All the switching exchanges are designed to meet an estimated maximum average simultaneous traffic, usually known as busy hour traffic. Past records of the telephone traffic indicate that even in a busy exchange, not more than 20-30 per cent of the subscribers are active at the same time. Hence, switching systems are designed such that all the resources in a system are treated as common resources and the required resources are allocated to a conversation as long as it lasts. The quantum of common resources is determined based on the estimated busy hour traffic. When the traffic exceeds the limit to which the switching system is designed, a subscriber experiences blocking. A good design generally ensures a low blocking probability.

 

The traffic in 'a telecommunication network is measured by an internationally accepted unit of traffic intensity known as Erlang (E), named after an illustrious early contributor to traffic theory. A switching resource is said to carry one Erlang of traffic if it is continuously occupied throughout a given period of observation.

1.5 Control System

 

The switching network provides the switching paths while the control subsystem of the switching system establishes the path. The switching network does not distinguish between inlets/outlets that are connected to the subscribers or to the trunks. This is carried out by the control subsystem which not only distinguishes between the different categories of connections but also  interprets correctly the signalling information received on the  lines. It senses the end of information transfer and releases connections.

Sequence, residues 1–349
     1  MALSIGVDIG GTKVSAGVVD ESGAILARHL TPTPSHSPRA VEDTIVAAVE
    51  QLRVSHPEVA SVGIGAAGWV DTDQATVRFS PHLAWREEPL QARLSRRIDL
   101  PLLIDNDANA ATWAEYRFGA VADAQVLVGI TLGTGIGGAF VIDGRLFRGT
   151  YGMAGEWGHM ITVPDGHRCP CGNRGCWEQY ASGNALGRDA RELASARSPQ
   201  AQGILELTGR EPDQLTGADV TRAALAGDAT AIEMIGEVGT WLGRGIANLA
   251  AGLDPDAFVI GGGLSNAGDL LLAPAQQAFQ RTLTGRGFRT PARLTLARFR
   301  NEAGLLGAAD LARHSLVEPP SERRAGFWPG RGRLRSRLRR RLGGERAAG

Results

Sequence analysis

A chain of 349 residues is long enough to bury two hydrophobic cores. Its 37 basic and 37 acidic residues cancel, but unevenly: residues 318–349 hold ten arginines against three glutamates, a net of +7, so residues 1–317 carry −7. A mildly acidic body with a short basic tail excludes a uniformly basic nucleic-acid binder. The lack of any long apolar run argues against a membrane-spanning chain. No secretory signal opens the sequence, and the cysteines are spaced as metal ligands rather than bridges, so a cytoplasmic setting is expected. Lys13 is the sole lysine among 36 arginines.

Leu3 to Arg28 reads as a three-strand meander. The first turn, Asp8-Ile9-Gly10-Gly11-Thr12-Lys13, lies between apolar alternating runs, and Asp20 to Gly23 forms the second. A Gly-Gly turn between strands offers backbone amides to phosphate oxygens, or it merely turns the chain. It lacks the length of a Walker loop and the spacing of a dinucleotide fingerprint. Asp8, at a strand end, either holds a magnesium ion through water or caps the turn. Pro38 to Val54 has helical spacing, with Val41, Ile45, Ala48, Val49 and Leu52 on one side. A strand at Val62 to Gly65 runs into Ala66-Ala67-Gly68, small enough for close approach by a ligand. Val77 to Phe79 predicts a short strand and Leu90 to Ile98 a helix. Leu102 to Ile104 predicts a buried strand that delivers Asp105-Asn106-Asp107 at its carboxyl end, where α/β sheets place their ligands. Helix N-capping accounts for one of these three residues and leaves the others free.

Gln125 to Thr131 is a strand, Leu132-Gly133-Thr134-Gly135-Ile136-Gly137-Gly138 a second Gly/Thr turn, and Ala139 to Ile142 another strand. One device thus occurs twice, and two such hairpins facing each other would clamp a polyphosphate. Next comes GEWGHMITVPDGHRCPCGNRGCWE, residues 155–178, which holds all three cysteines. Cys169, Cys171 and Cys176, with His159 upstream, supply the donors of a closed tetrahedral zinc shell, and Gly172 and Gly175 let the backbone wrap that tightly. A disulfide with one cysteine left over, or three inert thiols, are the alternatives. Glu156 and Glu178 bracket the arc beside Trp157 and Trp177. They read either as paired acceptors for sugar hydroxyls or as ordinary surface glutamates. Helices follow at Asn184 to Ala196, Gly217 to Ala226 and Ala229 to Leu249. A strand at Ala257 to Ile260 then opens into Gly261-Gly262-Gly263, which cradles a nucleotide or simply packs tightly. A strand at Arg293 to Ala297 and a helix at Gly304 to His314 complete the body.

The control system establishes connections based on the signalling information received on the inlet lines. The system sends out signalling information to the subscriber and other exchanges connected to the outgoing trunks. In addition, signalling is also involved between different subsystems within an exchange. The signalling formats and requirements for the subscriber, the trunks and the subsystems differ significantly. Generally, a switching system provides for three different forms of signaling, i.e